By Sister Carol Curtis, OSU
Pax et Bonum – Peace and Good. This Franciscan blessing expresses at once both praise for God’s goodness in creation and a prayer for God’s peace in all the earth. The beauty of Desenzano, Angela’s birthplace, manifests this goodness, with heaven’s peace reflected in serene Lake Garda. From her early years, the harmony of her natural surroundings and the warmth of her family circle seem to have instilled Angela with gentle reverence and inner balance. Prayerfulness was a way of life for her, as much a part of engaging with the world, as of recollection. In this, she had the example and companionship of Jesus Christ who lived in this world for love of us. [Rule 5:12] — for Angela, too, walked the world with love.
In her lifetime, Angela was considered a santa viva, a living saint and spiritual mother, a woman of interior prayer and gifted discernment. She encourages us to discover this contemplative stance, and to dispose ourselves for it with frequent vocal prayer through which the bodily senses are awakened… [Rule 5:7] One’s own voice quickens the senses to integral attentiveness, such that vocal prayer becomes incarnational. Such mindfulness attunes us to the inscape of creation itself, the dearest freshness deep down things, as Gerard Manley Hopkins poetically calls it [“God’s Grandeur”], and to the deep, life-giving spring of the Spirit welling up within us.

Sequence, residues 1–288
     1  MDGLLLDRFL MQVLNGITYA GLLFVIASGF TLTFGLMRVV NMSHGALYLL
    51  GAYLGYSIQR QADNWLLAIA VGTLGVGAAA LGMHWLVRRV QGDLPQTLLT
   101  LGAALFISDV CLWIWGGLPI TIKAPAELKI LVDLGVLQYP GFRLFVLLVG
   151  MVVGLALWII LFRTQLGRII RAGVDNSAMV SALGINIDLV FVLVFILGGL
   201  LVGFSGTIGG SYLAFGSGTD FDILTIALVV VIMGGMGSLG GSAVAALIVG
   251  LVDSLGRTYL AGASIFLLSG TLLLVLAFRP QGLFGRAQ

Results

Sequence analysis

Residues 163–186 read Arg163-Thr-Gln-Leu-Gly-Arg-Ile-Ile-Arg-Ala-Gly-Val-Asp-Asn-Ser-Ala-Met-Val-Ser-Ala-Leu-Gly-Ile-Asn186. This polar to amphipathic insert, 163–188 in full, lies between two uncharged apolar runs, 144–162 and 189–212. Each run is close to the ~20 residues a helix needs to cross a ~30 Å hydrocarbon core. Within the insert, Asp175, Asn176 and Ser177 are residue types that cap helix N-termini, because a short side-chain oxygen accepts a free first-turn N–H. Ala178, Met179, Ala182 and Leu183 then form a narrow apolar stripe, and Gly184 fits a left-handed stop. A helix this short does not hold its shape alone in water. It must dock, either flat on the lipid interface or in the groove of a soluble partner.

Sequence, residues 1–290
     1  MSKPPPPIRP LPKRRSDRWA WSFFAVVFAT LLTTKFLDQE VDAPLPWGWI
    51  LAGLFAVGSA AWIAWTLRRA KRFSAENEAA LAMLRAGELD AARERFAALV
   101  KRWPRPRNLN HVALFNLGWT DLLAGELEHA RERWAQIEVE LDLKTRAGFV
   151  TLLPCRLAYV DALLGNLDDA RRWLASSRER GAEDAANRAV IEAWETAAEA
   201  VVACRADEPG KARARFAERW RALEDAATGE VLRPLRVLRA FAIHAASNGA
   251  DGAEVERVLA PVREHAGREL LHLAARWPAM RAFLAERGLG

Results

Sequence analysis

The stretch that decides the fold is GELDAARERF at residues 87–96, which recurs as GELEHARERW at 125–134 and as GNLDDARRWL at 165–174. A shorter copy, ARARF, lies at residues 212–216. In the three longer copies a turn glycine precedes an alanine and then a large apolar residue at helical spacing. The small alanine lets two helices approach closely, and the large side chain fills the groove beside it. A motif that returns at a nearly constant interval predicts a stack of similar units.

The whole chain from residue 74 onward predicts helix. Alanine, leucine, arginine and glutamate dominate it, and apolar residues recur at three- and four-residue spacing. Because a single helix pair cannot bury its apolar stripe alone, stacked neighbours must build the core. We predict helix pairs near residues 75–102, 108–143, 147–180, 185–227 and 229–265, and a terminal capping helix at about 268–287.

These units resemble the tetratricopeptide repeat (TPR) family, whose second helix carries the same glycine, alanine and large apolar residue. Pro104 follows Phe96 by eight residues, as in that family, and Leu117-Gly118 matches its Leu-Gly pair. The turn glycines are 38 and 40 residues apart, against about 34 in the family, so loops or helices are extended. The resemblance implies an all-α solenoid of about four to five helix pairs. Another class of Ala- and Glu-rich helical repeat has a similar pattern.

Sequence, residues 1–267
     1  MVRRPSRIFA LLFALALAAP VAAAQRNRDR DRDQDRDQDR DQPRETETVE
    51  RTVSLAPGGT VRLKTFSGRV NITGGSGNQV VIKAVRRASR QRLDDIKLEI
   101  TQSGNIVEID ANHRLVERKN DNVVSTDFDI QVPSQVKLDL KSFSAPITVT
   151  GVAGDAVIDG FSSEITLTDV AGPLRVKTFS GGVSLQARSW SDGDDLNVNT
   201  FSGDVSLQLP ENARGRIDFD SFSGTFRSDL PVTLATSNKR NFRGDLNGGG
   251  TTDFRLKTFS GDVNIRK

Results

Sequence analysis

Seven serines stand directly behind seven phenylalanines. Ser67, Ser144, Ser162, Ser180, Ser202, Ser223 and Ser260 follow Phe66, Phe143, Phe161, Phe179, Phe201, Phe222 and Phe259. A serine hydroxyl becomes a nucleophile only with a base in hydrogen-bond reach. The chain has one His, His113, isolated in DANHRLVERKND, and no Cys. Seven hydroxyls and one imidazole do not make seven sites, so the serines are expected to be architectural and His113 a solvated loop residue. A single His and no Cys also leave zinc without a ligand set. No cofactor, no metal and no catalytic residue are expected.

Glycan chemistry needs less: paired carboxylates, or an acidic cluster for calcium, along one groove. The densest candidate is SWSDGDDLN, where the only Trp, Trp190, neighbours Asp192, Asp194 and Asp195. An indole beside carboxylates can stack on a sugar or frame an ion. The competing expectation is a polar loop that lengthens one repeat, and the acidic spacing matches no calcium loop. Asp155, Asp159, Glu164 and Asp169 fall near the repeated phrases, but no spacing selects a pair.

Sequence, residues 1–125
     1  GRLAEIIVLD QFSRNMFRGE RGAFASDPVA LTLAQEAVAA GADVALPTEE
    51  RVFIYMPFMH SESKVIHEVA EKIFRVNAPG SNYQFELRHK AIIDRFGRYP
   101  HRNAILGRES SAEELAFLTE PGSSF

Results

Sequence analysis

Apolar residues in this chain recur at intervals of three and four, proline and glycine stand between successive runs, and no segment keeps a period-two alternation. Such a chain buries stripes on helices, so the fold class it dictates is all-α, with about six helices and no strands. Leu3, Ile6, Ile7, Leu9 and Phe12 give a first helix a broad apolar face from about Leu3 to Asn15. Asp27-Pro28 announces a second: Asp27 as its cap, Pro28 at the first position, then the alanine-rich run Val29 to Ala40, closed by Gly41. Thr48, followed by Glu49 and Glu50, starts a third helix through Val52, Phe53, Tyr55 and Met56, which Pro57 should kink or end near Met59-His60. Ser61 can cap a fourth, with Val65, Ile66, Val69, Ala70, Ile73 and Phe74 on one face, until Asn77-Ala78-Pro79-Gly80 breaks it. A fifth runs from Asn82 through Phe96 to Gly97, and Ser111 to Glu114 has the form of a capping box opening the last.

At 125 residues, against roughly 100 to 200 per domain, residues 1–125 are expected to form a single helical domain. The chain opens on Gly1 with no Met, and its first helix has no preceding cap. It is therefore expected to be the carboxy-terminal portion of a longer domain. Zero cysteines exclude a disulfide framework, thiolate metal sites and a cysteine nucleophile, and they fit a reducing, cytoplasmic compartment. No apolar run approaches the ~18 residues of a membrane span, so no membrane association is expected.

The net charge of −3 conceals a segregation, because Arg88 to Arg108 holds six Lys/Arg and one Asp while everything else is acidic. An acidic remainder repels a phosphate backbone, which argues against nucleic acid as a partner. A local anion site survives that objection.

Following in the footsteps of Jesus Christ who walked this earth for love of us, Angela’s impetus to pilgrimage expressed the internal dynamism of her prayer. She walks with God, goes with God, and is drawn by God. In times of crisis, she calls us to a place of stillness, gathered at the feet of Jesus Christ. Yet, times of discernment set her in motion, in the sacred displacement of pilgrimage. Again and again, walking the pilgrim way— body and soul – clarified the path for her ministry and for the Company. Even the mysterious physical blindness on her pilgrimage to the Holy Land initialized Angela’s inner vision, compelling her to see the holy places with the eyes of her soul, and to see a christened world.
The cobblestones of daily life pave our pilgrimage together—prayer marks its cadence. As we travel, let us not be desensitized, not dulled to the pax et bonum creation sings. In all life’s varied seasons and movements, let us strive to live in harmony. Angela exhorts us to this integrity: whether walking in liturgical procession or in protest for social justice, in our neighborhood or in the forest, to walk kindly, humbly, peaceably, reverently—for we walk together with the Lover of us all. May it be so. In our beautiful and broken world, may we each, gifted and wounded and beloved of God, walk in love. [Eph 5:1-2]